Hegwer: Measure gives voters say in city’s future

Jul. 06, 2013 @ 05:01 AM

This week, we Take 5 with Sanford City Manager Hal Hegwer about the city’s upcoming bond referendum. Last month, the council voted for a bond referendum during the general election this November to allow citizens to decide whether the city will pursue bonds to pay for four capital projects.

Why did the city — and subsequently the city council — choose to pursue a bond referendum for these four projects?

The mayor and city council believe a bond referendum is an opportunity for voters to determine Sanford’s path forward. Council’s vision is that each project included in the referendum is an investment that will come to define our community in the future.

For decades, residents have asked council to invest in these types of community-defining projects. Many residents travel to other cities in search of the facilities Sanford lacks. The resounding request from residents has been for the city to take the bold steps necessary to elevate Sanford, foster economic development and improve the lives of all residents — and council is listening.

Over the next few months, voters will be able to access more information about the referendum and the four community investments at open meetings, in static displays at locations across Sanford and on the city’s website and television channel.

Council is offering the referendum as an opportunity for voters to learn more about their options and decide which investments they want to make in Sanford’s future.

What projects will be covered by the bond issues?

The four projects chosen for the referendum are a continuation of the city’s ongoing vision to improve Sanford’s quality of life. They are:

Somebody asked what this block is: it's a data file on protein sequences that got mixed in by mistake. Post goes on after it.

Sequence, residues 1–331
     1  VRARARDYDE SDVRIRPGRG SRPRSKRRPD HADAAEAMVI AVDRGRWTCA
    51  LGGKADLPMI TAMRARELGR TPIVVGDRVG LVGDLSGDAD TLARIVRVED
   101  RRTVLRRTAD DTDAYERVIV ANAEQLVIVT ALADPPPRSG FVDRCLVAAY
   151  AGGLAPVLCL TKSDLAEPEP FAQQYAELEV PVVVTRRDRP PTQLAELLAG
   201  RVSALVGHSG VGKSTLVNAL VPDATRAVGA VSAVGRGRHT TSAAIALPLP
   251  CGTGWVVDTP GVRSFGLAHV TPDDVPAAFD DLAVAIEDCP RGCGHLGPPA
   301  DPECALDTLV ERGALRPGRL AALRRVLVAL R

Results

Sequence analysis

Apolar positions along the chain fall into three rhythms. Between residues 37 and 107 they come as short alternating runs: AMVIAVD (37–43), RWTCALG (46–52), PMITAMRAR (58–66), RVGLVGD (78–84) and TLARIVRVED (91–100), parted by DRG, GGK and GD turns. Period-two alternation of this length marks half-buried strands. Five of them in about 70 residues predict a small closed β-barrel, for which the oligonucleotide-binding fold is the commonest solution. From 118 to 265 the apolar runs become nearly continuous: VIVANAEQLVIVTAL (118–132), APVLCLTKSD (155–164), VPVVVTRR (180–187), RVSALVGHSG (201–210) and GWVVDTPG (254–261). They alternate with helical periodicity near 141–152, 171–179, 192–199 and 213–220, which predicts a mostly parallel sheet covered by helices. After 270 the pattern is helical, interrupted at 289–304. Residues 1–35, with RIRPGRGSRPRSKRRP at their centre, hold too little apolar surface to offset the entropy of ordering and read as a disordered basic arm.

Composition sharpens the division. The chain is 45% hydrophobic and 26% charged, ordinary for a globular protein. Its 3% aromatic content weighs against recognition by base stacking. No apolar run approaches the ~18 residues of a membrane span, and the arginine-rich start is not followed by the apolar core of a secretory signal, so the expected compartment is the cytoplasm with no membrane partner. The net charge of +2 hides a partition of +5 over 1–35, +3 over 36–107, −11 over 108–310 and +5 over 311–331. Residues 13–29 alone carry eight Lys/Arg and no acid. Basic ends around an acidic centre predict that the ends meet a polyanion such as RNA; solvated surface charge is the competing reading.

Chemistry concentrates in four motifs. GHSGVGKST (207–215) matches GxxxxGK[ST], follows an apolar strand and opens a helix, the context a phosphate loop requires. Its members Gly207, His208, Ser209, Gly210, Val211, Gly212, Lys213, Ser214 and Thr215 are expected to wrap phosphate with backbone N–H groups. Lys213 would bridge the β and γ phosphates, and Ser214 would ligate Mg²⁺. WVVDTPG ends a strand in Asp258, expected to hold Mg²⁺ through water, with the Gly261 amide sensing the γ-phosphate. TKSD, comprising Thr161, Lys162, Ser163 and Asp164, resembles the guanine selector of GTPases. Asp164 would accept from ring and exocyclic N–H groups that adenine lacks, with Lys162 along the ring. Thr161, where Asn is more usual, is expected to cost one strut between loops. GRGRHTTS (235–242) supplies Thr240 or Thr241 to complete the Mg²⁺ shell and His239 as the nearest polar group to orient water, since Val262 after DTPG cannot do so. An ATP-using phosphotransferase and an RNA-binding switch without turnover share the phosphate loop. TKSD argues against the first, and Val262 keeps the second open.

Streetscape and Pedestrian Improvement Bonds to strengthen and bring continuity to shopping areas in downtown Sanford and Jonesboro, Parks and Recreational Bonds to offer more and improve upon existing recreational facilities, Greenways and Trails Bonds to extend the Endor Iron Furnace Greenway and Sidewalk Improvement Bonds to maintain, repair and add sidewalks to make the city more pedestrian accessible and safe. Council and staff have spent years studying Sanford’s growth opportunities and potential. Until now, their vision for Sanford has been executed slowly, piece by piece.

The referendum would allow the city to take the bold steps needed to bring their vision for Sanford to life by completing these community-defining investments in a shorter time period. This will allow residents to benefit from comprehensive improvements sooner rather than later.

Why is the city using the bond referendum method to pay for these projects?

The city is in excellent financial condition. Using low-cost bond financing will allow the city to spread the cost of these investments over several years while sustaining the high level of services our residents expect.

Also, the city will have 20 years to pay back the bonds, which will allow future residents to pay for a portion of the quality-of-life investments that will benefit them.

What is the total tax rate and property tax implications for each bond referendum in question?

Assuming that voters choose to invest in all four projects, which total $14.5 million — and that the city embarked on all four investments at once — the property tax impact would be 5.2 cents, or $52 per $100,000 of home value, each year.

However, council’s intention is to minimize the tax impact on residents. The bond referendum gives the city seven years to issue bonds for these investments, with the possibility of a three-year extension. That means council has the time and flexibility to carefully plan and implement its long-term vision for Sanford.

Given the condition of the economy, why is now the right time to vote on these particular bond projects?

The four projects chosen by the city can take years to fully implement, so the bond referendum is just one step in long-range planning for and investment in Sanford’s future.

No one disagrees that the economy is still in recovery, but the state of the economy doesn’t change the city’s obligation to continue making steady progress on important quality-of-life projects — especially ones that will also bring economic investment — using the most cost-effective options available.

Current interest rates for borrowing are at historical lows, which would save taxpayers thousands of dollars in interest payments. Construction costs are also projected to be lower than the boom years.

With all of these factors considered, Mayor [Cornelia] Olive and Sanford City Council believe now is the time to seek approval from voters in planning for these projects, which will define Sanford for years to come.